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Philosophical Bunting

Plato slashed .307/.423/.675 in 399 BC, incidentally

Plato - illustrated portrait. Greek philosopher, 428 - 347 AD. Photo by Culture Club/Getty Images

We must think about the bunt as if it is a plunger.

We do not want to use the plunger. If we plan accordingly and make wise decisions, we should not have to. However, we are all human; at some point, the wisest course of action is simply to pick the dang thing up and get it over with.

In the same way, we do not wish to bunt. We do not want to be stuck in a tie game in the bottom of the ninth. It is nice that there are runners on first and second with no outs, but if only we hadn’t made that error/slipped around second/volleyed a fly ball over the wall, we wouldn’t be here.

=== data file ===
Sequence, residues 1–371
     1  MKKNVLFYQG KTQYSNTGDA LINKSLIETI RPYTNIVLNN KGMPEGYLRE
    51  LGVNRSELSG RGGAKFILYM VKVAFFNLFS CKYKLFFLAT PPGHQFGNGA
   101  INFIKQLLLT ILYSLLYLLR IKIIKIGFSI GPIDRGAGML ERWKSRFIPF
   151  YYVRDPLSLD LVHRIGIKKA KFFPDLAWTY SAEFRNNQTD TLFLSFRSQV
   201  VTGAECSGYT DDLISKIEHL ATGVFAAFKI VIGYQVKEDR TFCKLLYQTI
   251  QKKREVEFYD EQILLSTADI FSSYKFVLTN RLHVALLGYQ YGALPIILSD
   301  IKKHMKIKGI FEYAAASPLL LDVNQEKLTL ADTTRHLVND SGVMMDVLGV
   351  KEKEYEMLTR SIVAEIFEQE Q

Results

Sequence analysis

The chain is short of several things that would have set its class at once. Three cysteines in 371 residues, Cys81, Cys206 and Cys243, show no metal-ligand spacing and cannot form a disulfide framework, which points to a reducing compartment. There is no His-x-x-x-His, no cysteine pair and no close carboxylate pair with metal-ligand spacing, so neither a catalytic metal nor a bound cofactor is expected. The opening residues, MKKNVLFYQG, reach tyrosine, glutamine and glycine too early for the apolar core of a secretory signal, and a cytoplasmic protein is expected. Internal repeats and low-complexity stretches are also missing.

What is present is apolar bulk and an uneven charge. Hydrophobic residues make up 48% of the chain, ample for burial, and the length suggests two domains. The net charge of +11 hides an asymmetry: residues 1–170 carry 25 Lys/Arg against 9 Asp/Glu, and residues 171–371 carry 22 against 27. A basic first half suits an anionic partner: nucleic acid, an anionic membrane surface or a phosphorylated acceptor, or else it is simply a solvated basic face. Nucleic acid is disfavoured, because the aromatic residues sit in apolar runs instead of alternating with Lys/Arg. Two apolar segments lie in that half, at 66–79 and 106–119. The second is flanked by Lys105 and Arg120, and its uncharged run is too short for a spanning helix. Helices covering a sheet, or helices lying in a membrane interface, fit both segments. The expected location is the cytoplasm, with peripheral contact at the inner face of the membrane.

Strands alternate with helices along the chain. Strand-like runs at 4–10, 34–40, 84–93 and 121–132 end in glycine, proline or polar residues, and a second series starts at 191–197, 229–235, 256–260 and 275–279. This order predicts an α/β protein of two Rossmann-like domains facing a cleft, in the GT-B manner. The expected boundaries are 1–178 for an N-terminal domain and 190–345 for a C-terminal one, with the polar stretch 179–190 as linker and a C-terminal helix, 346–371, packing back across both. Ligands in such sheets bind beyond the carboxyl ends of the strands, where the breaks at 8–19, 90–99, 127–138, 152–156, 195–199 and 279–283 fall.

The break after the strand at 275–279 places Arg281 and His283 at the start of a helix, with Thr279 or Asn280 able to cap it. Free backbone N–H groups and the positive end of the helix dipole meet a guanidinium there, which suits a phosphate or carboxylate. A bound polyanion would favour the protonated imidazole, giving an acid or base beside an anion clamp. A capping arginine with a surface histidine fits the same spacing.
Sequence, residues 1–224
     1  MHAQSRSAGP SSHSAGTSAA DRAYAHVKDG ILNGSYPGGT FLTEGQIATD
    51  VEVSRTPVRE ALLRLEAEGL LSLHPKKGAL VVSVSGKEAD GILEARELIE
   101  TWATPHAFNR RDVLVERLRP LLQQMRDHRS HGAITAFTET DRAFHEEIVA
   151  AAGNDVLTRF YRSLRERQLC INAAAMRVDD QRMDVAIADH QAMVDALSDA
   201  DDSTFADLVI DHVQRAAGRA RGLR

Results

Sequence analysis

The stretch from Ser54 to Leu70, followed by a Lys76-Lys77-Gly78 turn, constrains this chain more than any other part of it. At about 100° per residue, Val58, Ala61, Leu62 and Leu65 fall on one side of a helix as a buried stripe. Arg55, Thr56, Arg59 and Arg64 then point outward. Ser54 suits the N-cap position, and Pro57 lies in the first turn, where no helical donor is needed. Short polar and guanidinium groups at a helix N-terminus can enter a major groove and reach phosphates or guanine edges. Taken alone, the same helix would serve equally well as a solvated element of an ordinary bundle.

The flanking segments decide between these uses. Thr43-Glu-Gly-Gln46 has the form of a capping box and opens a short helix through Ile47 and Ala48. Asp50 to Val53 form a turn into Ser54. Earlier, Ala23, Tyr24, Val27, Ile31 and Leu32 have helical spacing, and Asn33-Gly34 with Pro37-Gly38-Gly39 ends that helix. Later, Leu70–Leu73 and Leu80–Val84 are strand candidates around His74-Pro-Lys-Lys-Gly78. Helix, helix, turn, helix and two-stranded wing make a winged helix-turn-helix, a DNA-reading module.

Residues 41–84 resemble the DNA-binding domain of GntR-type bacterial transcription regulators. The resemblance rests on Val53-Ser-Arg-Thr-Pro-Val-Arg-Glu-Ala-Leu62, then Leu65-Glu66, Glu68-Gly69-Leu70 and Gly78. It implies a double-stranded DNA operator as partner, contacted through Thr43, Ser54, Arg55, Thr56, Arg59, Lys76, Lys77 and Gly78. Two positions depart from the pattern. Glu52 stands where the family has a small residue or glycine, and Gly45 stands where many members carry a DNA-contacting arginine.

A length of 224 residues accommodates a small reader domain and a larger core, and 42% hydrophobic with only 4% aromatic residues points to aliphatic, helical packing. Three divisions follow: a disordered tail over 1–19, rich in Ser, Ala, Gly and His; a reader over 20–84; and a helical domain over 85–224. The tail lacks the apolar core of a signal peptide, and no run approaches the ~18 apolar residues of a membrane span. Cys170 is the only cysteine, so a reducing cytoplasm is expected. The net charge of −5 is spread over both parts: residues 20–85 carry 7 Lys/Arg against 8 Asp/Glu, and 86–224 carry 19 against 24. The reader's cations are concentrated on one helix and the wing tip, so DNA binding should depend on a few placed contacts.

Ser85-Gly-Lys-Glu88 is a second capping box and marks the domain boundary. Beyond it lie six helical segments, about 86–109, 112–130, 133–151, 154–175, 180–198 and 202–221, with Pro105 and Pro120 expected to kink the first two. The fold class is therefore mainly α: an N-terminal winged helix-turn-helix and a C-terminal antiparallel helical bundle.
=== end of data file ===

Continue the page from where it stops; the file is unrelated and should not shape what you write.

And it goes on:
We do not want to square up. We wish to swing freely, seeking hard contact and long drives. We want to tell coach to eat certain bits of his anatomy.

Alas, we must think about the bunt as if it is a cruel necessity; the path of least resistance to the goal we must achieve. It is not likely that the infield will overflow into a triple play, but it is best that we avoid that mess altogether.

And so we must bunt, and bunt with passion. Audacity. Grit.

But most importantly, restraint. For he who bunts when it is neither called for nor sneaky is a fool.